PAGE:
A musician who is suing a youth orchestra for placing age restrictions on a competition has officially complained about the judge handling his case - because he says he is too old.
Violinist Martin Stone, 60, launched legal action against not-for-profit Young Concert Artists after it rejected him from entering a competition as it set the limit for musicians aged between 19 to 26.
But in a bizarre twist, Stone is now opening himself up for ridicule - and being labelled a hypocrite - by describing 88-year-old Manhattan Federal Judge Robert Patterson as 'slow-witted and unable to function'.
He wrote in a judicial complaint, obtained by the New York Daily News: 'Judge Patterson could barely see unless he put his face almost on top of a document.
'Judge Patterson should be removed from the bench, both because of his mental and physical limitations. With all due respect, he may have been a very learned jurist in his day.'
Mr Stoner admitted he sounded like a hypocrite, but added that his fight against ageism was too important to allow the judge, who wears a hearing aid, to mess up.
He filed his complaint after Judge Patterson threw out his legal case after finding several mistakes in Mr Stoner's court papers. In re-filing the case, he asked for a new judge.
Mr Stoner added: 'I know it sounds kind of like hypocrisy. I asked the judge to recuse himself on the grounds that he's too old. Isn't that ironic?'
The musician, who lost his job with the New York City Ballet Orchestra last year after more than 25 years, filed a suit against YCA in March.
His complaint stemmed from being rejected from taking part in a competition which was only open to musicians a third of his age.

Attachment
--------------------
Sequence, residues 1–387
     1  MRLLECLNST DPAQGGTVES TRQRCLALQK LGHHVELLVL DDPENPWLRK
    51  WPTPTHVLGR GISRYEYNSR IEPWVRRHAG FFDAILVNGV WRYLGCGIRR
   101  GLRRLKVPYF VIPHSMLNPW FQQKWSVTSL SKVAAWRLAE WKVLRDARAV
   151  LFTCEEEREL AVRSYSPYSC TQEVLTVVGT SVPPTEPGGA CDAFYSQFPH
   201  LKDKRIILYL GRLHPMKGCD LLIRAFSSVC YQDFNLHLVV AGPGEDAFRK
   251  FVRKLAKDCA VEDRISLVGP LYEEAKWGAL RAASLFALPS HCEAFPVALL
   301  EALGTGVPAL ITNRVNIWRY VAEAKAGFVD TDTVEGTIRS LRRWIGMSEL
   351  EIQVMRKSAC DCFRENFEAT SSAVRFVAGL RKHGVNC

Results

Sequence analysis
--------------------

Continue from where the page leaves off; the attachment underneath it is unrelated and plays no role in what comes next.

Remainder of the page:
After losing his job, he decided to take part in the competition - which offers $75,000 worth of career support and management to several winners.
He was allowed to perform with 277 others in the preliminary auditions only after he threatened to sue and filed age-discrimination complaints with the National Endowment for the Arts and the state Office of Civil Rights.
Despite the Young Concert Artists competition's focus on budding musicians, director Susan Wadsworth said she allowed Stoner to play in the first round, thinking she might recommend him to another agency.
But she added that his performance was 'less than stellar'
Judge Patterson, who graduated from Columbia Law School a year before Mr Stoner was born, declined to comment on the complaint.
But his supporters say he is as 'sharp as a tack', despite wearing a hearing aid and ordering lawyers to speak up as he cups a hand to his ear.
In 2009 he stepped in mid-trial when a judge fell ill.
He ripped through a 2,282-page legal transcript in a single weekend and handled the case with aplomb, Manhattan Federal Court Chief Judge Loretta Preska told the New York Law Journal.
Article from Daily Mail